Communication media catering to mass audiences has hitherto ignored the vast discrepancy in visual language between the urban audience and the rural audience.

Visual perception is defined as the way a person "reads," interprets or understands a picture. Since differences in cultural environment and personal experience significantly affect perceptions, the visual language of a group is acquired over time with respect to their surroundings.

Visual literacy: the urban-rural discrepancy

In urban mainstream art institutions, communicators are taught to draw what one sees; however, rural people draw what one knows. For example, a tree would be drawn with roots included, even if the artist may not actually see the roots as illustrated in this picture.

The urban artist is also instructed to pay attention to detail and produce photo-realistic images that include detailed background, depth, and vanishing-point perspective. These elements of formally educated artists are unrecognizable to rural audiences and complicate the intended messages:

" This represents a cot or "khat" All legs of the cot are shown".

Rural audiences also have difficulty recognizing objects that are superimposed, parts of object hidden behind one another. Instead, rural artists draw images in multiple perspectives: the object is drawn as if it were twisted, to include all possible side views.

The use of multiple perspectives, the combination of aerial and side views, has origins in traditional art in Rajasthan. This is a picture of the rehant or bullock drawn water wheel. The pots cannot actually be seen as they are hidden below the surface of the water; but by drawing the image through top or aerial view renders the water lifting process visible. Simultaneously, the farmer and his bulls are drawn in side view. While there are only two bulls drawing water, they are drawn twice. This is to indicate the motion or movement of the same pair of bulls. In this manner, time can be shown continuously with the same object or figure in different actions in a single-frame visual.

Reading a visual, like text, from left-to-right and top-to-bottom is acquired through formal education; on the other hand, rural audiences tend to scan the entire visual. Since visual narratives are a part of rural pictorial traditions, rural artists draw single - frame narratives that weave events into a story.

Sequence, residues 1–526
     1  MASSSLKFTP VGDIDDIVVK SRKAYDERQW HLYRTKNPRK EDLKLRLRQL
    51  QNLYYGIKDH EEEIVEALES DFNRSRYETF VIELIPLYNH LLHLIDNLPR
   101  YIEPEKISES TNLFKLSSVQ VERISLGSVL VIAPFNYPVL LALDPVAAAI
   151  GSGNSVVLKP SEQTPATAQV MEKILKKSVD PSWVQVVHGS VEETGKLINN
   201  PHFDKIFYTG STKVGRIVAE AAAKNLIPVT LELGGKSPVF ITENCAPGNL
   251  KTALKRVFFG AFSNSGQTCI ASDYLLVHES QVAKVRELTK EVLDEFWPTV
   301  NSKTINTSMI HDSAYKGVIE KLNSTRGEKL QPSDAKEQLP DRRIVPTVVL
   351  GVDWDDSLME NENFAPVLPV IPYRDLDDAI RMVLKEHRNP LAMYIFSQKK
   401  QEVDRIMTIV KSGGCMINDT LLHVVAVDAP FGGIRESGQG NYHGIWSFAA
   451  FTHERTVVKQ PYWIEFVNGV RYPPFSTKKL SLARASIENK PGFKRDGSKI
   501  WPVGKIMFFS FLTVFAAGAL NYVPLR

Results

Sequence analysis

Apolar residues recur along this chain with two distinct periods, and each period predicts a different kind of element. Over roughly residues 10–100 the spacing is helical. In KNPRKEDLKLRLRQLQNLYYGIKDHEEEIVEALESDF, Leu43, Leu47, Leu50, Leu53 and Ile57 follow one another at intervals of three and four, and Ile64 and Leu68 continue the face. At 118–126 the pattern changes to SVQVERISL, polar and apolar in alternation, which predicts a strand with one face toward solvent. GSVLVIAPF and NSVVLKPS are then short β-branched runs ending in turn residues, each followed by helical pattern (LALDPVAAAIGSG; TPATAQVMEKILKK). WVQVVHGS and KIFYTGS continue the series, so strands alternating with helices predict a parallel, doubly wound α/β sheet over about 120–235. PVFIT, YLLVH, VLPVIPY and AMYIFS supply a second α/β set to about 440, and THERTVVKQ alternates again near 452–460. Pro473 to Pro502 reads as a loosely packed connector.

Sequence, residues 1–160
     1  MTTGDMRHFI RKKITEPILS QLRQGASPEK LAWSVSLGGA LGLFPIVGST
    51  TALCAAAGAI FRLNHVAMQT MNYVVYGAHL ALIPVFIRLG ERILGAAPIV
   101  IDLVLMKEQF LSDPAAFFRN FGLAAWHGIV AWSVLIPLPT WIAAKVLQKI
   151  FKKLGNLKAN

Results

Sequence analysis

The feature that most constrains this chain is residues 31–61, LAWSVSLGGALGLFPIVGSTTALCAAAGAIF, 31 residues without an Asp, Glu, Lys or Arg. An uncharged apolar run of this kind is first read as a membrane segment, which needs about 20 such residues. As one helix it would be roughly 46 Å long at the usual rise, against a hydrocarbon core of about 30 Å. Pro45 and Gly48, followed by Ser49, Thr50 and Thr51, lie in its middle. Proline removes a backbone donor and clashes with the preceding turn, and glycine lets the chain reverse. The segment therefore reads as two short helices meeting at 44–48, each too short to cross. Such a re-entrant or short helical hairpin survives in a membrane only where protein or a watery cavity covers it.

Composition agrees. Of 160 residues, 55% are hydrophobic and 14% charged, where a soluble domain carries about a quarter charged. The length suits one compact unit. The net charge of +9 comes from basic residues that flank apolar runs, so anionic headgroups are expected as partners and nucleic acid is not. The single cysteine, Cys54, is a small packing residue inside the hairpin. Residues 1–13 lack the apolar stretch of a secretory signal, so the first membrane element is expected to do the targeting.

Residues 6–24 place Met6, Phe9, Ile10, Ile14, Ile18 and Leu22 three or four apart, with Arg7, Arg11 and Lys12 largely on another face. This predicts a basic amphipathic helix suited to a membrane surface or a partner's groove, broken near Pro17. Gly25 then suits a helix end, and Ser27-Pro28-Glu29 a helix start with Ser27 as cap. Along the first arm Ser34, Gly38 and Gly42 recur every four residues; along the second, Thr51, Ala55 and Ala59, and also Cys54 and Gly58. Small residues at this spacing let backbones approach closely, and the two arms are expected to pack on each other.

A group of women was asked to design their own posters. Sonibai and Badibai of Sagwara village were involved in a significant struggle to save their sagwan or teak trees. Through illustration, they composed a visual narrative of the events of the struggle. The story goes: timber contractors were cutting down trees from their hills. Everyone in the village was worried. They beat drums and collected all the villagers to decide how to proceed. A meeting was held. They blackened the faces of the contractors and drove them out of the village, and ultimately sent to jail. The visual is a narrative and thus has a sequence; however, the events are shown without sequence.

This reveals the misconception that visuals are read left-to-right and top-to-bottom. Unnecessary background is absent, bringing the focus on the villagers and their actions. Furthermore, the rural women visualize the message of "stop" or "don't do" by a hand gesture of reaching out two open hands. This replaces the urban symbols of the cross, and was integrated in subsequent communication visuals. The representation of a meeting in the bottom left corner is drawn in mixed perspective. The women in a circle are drawn in aerial view, while the man in the center is drawn in side-view. The gender differentiation between the male leader in the center of the meeting and the surrounding women also reveals power relations between men and women. The control of the village's thought process is typically concentrated in the hands of a few people, always men. The women incorporated this imbalance into their drawing, accepting it as expected. Yet, in inquiring about this issue, the women can also question the existing practice and even challenge these ideas. Therefore, the drawing sessions can provoke discussion and introspection.

In a picture recognition exercise in a village 100 km away from the Sagwara village, other women also understood this picture, indicating that visual language is often similar among other non-educated women. Yet, the assumption cannot be made. Field testing in every village and to local audiences is still indispensable to comprehension and effective implementation.

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